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If recessions are caused by expansion of the money supply...

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alsdjfalsdjfos posted on Tue, Sep 18 2012 9:29 PM

... then won't a recession result when private agents increase the money supply, too?

Say there's a gold standard in place; gold is money, and the supply of gold is the money supply. If there's random year to year fluctuations in gold production, or superior capitalist production allows an ever increasing production of gold, then won't the money supply expand eventually, lowering interest rates and so forth?

But it won't cause a recession, right, because it's "good money" when private banks issue it and "bad money" when the federal reserve issues it?

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http://library.mises.org/books/Murray%20N%20Rothbard/Americas%20Great%20Depression.pdf

pages 34-36

One crucial distinction between a credit expansion and entry of new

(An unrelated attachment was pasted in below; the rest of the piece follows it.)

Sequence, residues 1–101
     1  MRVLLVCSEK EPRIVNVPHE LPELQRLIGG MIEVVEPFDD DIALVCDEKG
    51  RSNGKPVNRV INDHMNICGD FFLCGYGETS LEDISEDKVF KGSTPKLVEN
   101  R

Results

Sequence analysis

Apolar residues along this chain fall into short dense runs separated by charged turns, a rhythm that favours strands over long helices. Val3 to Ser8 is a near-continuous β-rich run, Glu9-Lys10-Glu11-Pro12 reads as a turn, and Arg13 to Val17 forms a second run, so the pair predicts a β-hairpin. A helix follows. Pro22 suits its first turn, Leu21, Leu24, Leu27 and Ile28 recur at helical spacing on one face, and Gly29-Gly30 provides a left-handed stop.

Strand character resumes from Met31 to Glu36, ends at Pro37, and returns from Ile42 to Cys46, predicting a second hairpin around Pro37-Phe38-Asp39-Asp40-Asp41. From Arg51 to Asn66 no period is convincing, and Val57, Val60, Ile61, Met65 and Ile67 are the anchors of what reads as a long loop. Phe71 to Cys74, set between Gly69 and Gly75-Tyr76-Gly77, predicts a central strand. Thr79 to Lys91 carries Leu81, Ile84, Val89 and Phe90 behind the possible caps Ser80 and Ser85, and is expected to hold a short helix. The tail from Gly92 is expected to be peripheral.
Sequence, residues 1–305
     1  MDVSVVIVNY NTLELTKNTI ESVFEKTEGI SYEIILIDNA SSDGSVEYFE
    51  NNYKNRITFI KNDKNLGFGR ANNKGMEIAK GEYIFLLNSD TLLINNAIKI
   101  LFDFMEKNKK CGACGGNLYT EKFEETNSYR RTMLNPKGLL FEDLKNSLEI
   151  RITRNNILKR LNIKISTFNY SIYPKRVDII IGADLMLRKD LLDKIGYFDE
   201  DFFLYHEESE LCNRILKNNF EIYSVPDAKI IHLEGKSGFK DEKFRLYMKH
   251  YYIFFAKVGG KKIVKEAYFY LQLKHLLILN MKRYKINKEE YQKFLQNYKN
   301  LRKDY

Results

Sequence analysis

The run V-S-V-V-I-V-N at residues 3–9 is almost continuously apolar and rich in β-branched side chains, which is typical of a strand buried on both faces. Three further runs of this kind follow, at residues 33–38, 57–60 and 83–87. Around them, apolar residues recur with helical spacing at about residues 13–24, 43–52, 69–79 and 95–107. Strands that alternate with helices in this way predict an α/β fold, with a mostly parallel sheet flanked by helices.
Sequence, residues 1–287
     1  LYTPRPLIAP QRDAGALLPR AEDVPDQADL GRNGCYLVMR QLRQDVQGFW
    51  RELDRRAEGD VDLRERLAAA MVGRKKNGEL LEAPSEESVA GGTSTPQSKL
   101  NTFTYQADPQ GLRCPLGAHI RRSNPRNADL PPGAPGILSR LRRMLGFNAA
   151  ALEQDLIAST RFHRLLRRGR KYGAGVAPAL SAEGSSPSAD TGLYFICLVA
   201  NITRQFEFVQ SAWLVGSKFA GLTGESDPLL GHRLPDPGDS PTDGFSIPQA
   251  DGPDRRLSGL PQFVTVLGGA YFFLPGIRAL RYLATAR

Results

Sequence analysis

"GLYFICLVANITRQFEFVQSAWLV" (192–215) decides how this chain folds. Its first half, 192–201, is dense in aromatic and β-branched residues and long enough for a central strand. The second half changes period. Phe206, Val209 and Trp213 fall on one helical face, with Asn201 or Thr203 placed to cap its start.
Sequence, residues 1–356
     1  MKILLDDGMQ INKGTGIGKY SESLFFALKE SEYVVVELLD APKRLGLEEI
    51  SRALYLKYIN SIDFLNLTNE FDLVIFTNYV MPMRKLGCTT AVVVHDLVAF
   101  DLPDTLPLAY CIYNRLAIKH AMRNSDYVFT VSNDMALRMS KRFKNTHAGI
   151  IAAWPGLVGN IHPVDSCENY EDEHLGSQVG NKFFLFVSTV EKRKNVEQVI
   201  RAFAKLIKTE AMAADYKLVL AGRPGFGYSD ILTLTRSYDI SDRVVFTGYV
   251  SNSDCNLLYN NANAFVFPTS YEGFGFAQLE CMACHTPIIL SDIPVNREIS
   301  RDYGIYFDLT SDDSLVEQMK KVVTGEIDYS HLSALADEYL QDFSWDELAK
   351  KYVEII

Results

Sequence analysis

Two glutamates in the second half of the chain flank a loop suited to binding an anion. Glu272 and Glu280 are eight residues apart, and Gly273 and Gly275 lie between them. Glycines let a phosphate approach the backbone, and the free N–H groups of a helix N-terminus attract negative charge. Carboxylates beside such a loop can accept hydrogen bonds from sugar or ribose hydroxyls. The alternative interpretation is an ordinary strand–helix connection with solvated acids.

gold onto the loan market is that bank credit expansion distorts the
market’s reflection of the pattern of voluntary time preferences;
the gold inflow embodies changes in the structure of voluntary time
preferences.

--

 

also- http://mises.org/daily/4527

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Even in a gold standard, the gold is not the money supply. The amount of gold a dollar is worth makes up the standard. To mine/prospect/find more gold would be no different than producing more whatevers to increase wealth. Even then, it assumes the gold is not hoarded once found. And before a government or currency producer could tie a dollar to the gold, they would have to purchase it. It's not automatically theirs just because it came into known existence. 

I've also noticed in oil or mining, whenever a new discovery is made, the stock price of producers generally jumps on the prospect that there will be more of it to sell, more profit to be made in it's production and acquisition, which if anything would drive inflation down.

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I think he means if everyone used gold coins physically.

“Since people are concerned that ‘X’ will not be provided, ‘X’ will naturally be provided by those who are concerned by its absence."
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Same thing goes. You ain't going to walk around the mall with a bag full of nuggets.